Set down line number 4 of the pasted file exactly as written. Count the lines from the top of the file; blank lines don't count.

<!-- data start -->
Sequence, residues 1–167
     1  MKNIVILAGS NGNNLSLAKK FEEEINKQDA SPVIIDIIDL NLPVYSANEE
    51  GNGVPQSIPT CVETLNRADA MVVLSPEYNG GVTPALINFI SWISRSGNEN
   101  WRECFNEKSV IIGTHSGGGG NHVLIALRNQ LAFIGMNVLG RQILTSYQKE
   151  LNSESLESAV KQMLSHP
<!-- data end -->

   101  WRECFNEKSV IIGTHSGGGG NHVLIALRNQ LAFIGMNVLG RQILTSYQKE